Thursday, May 14, 2009

Traveling and pondering


A personal note I sent to friends this morning. It seems a good piece to wrap up this trip with.

On the train to Nanjing.

Following an experience while sitting this morning-one of those sittings that calls everything into question, until even the questions themselves cease to be, ceded to the Authority of a power greater than "how" or "why"-
-I ponder the following:

What does it mean to be held to a higher standard?

What would it mean if right now, within this immediate moment- and within all immediate moments- my effort is being measured against a standard set from a higher level- emphatically not my standard, not emanating at all from my will, but emanating directly from a higher will?
A standard I may even acknowledge intellectually, as a hypothesis, but cannot truly sense, and do not understand?

Perhaps I can then dispense with ordinary questions of morality and relativism. True, these principals exist and do not go away- and yes, I must even understand not only that I operate under them, but how to operate under them. Yet they are but a fraction of the larger question.
What is my responsibility? With what parts do I answer that call?

I see that I want to "do." Part of my wish-perhaps an essential part of my wish- is actually a wish to "do.". I am so engulfed by this paradox that only on rare occasions may I sense it, and then, only when a very fine material becomes available- a material which we can only define, if it is at all within our grasp to do so, as Grace.

It is within seeing the deep and urgent necessity of surrendering my wish to do, to act, to control, that I truly begin to discover my nothingness, and to begin to sense-not with my intellect, but with the finer parts of my attendance- my nothingness, and how utterly I must acknowledge the phrase:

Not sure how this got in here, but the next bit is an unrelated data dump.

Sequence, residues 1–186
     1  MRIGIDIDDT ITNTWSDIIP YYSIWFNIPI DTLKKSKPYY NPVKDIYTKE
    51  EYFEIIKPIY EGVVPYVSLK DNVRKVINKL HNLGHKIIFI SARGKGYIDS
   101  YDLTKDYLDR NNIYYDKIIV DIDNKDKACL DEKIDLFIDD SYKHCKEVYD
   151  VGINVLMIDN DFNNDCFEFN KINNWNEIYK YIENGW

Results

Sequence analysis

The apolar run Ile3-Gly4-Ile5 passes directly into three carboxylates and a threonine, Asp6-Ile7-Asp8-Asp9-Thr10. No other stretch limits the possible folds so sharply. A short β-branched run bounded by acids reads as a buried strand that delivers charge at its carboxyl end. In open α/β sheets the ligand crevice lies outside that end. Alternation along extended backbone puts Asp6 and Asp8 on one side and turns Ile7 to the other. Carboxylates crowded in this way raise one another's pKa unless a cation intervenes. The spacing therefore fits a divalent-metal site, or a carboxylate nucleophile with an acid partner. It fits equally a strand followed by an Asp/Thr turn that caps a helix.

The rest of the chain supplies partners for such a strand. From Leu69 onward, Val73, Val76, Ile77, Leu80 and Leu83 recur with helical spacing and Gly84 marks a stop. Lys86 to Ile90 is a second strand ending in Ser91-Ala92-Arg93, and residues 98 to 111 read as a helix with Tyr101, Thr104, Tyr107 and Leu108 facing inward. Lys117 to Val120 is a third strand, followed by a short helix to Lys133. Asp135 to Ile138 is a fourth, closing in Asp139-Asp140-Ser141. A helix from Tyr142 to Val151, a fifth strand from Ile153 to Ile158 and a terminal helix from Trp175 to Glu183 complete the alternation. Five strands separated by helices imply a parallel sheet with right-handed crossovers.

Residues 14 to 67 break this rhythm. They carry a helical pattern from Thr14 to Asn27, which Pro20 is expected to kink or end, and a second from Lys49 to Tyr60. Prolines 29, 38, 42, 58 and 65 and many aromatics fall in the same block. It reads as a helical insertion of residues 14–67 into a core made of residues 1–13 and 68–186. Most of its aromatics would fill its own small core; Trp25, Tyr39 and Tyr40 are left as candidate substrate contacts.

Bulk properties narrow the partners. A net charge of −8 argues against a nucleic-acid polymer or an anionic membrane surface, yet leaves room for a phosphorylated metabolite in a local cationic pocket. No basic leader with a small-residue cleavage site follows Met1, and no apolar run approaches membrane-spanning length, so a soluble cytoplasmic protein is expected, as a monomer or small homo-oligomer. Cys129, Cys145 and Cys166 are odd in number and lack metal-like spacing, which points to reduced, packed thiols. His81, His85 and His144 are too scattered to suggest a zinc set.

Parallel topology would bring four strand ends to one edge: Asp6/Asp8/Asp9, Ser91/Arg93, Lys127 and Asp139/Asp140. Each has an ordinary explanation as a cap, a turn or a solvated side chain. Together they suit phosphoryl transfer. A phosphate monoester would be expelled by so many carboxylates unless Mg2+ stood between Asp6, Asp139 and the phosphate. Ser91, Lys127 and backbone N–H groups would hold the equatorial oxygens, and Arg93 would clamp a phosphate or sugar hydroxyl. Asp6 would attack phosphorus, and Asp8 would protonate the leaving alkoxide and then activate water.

"THY will be done."

My responsibility-my work- begins with, and rests on, a deeper understanding of what this means.

Within the privilege, and the bliss, of such an offering- the very same sacrifice required of Abraham, that is, a sacrifice of everything that is born of me- the flower of remorse opens for a moment, and the tears of my own inadequacy and iniquity arrive.

I'm not worthy of that blessing, but I suppose none of us are.

Within all of this, can I make an effort today to remember that my work-my effort-my Being itself-is forever measured, in an active, living, and intimate manner, against this awesome and unconditional love that births us and gives us life?

How do I meet my life in regard to this? In each moment, I am given the opportunity to explore that question.

The choice is mine.

May our hearts be opened, and our prayers be heard.

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